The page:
Gorman: McKenzie matures into national recruit
By The Tribune-Review
Published: Sunday, March 10, 2013, 12:01 a.m.
Mike Bosnic might be a bit overwhelmed by the way Shai McKenzie's recruitment has picked up.
The Washington tailback has matured from WPIAL star to national recruit, with the latest of his 28 scholarship offers coming from Florida State, Georgia, North Carolina and Oklahoma.
“Those are some of the best colleges in the nation,” said Bosnic, Wash High's football coach. “It's been crazy, non-stop schools calling. We had Bill O'Brien, Paul Chryst and Brady Hoke walking through the school. It's fun. It's something that doesn't happen very often, but it's a lot of work.”
McKenzie rushed for 2,689 yards and 42 touchdowns to lead the Little Prexies to the WPIAL Class AA final as a junior. McKenzie has the ideal combination of size, speed and power that colleges covet, not to mention a 3.5 grade-point average.
It's no wonder he already has so many offers.
“I never really realized the quality of the schools that would be coming, the high-profile schools offering him so early,” Bosnic said.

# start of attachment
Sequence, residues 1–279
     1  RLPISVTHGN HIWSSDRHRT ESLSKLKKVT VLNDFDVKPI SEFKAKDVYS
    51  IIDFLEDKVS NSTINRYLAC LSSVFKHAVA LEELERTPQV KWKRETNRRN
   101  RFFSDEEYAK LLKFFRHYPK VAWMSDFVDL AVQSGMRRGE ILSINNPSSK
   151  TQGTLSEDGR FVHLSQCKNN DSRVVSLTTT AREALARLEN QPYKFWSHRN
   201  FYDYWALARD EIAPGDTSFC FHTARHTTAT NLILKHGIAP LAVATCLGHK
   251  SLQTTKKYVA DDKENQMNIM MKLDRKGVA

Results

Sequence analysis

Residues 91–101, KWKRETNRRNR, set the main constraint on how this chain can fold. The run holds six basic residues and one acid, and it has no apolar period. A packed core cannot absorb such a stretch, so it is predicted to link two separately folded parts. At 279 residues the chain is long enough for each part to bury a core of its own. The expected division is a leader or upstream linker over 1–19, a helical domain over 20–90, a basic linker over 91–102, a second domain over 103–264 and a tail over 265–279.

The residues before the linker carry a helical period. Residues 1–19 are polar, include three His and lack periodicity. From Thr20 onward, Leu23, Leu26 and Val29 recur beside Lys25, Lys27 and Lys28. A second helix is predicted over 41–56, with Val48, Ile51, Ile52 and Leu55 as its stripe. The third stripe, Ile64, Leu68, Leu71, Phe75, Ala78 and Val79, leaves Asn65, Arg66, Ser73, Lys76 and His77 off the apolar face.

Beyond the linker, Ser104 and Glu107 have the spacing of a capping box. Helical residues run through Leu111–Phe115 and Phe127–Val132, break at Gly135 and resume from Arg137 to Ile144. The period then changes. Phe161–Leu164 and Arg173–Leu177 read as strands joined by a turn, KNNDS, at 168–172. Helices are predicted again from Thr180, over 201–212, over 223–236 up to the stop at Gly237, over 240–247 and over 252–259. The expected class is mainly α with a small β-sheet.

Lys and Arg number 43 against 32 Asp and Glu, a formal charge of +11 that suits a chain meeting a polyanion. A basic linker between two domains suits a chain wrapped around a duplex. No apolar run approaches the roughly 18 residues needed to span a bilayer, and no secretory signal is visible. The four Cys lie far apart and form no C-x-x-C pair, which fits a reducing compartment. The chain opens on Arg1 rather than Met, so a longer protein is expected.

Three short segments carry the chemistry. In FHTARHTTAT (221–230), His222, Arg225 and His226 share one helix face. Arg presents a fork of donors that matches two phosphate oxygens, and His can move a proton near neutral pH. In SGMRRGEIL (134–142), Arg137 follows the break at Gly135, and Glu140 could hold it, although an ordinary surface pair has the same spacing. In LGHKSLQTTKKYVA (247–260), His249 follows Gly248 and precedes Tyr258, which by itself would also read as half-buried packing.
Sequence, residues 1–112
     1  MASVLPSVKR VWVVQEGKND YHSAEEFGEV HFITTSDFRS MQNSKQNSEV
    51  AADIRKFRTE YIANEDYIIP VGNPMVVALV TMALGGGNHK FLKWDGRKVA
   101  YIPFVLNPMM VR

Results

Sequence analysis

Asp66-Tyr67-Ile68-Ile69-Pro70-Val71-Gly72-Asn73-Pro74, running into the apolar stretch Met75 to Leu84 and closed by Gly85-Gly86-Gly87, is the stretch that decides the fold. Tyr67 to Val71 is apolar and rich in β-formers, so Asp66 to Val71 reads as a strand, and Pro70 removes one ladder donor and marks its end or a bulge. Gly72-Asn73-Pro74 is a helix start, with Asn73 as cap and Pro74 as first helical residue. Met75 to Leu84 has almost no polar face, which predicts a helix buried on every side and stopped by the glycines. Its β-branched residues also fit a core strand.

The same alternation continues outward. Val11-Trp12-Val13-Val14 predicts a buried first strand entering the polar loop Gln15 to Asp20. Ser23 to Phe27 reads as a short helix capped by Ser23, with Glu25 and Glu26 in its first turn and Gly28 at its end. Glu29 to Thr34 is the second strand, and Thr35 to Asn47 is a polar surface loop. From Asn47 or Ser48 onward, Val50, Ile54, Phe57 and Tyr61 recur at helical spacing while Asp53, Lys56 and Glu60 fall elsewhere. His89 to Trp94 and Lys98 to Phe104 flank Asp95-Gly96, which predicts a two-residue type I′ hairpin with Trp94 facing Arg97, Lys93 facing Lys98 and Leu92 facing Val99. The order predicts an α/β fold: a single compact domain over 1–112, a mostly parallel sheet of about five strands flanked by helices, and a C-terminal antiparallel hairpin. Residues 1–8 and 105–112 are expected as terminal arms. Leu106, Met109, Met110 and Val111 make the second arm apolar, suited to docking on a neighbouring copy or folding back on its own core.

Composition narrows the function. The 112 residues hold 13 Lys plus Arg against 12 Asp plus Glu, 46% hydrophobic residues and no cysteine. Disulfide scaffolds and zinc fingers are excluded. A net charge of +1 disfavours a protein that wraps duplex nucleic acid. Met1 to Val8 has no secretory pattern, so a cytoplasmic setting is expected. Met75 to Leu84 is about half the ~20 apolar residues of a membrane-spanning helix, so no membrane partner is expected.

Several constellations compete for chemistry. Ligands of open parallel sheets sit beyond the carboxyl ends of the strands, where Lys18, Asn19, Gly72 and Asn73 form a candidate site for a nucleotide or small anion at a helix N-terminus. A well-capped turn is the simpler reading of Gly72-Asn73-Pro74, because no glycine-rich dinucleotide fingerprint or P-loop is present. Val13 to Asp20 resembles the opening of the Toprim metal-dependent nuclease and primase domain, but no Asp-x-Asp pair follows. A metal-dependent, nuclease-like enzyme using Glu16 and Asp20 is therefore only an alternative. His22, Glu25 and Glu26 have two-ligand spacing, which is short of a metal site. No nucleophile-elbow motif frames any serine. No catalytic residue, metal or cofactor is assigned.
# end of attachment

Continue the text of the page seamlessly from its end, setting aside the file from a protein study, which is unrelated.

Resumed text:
“There's not a lot of guys out there with the size to go with the speed and the good grades, so it's kind of a no-brainer to offer him. But I've been surprised by the prestigious programs coming in to recruit him.”
Then again, Bosnic's not surprised at all.
“He's 6-foot, 213 pounds and runs a sub-4.4 40,” said Bosnic, who played offensive tackle at Pitt. “I've been around a little bit here, played college football, and there's only one or two guys I've seen with that explosive speed. The thing about Shai is he could easily be 230 someday and still have a lean, athletic build.
“To have that size and be able to move like that, there's not too many guys in America that have that combination. I think when he goes to school and gets into a strength-and-speed program where he's devoting the time and is taught the technique, I think he could be a 4.2 guy. It sounds crazy, but he's running legit, laser-time 4.4s.”
Bosnic is being careful to ensure McKenzie doesn't get overwhelmed by recruiting.
“He's a young kid. I don't want him to feel pressured, but I've already sat down with him a couple times to make sure he realizes that none of this is guaranteed,” Bosnic said. “This is wonderful, what's been happening here. There's a lot of buzz around him, the town and the school. It's brought a great deal of pride, but he realizes he's got a long way to go, a lot of work to do, and anything can happen.”
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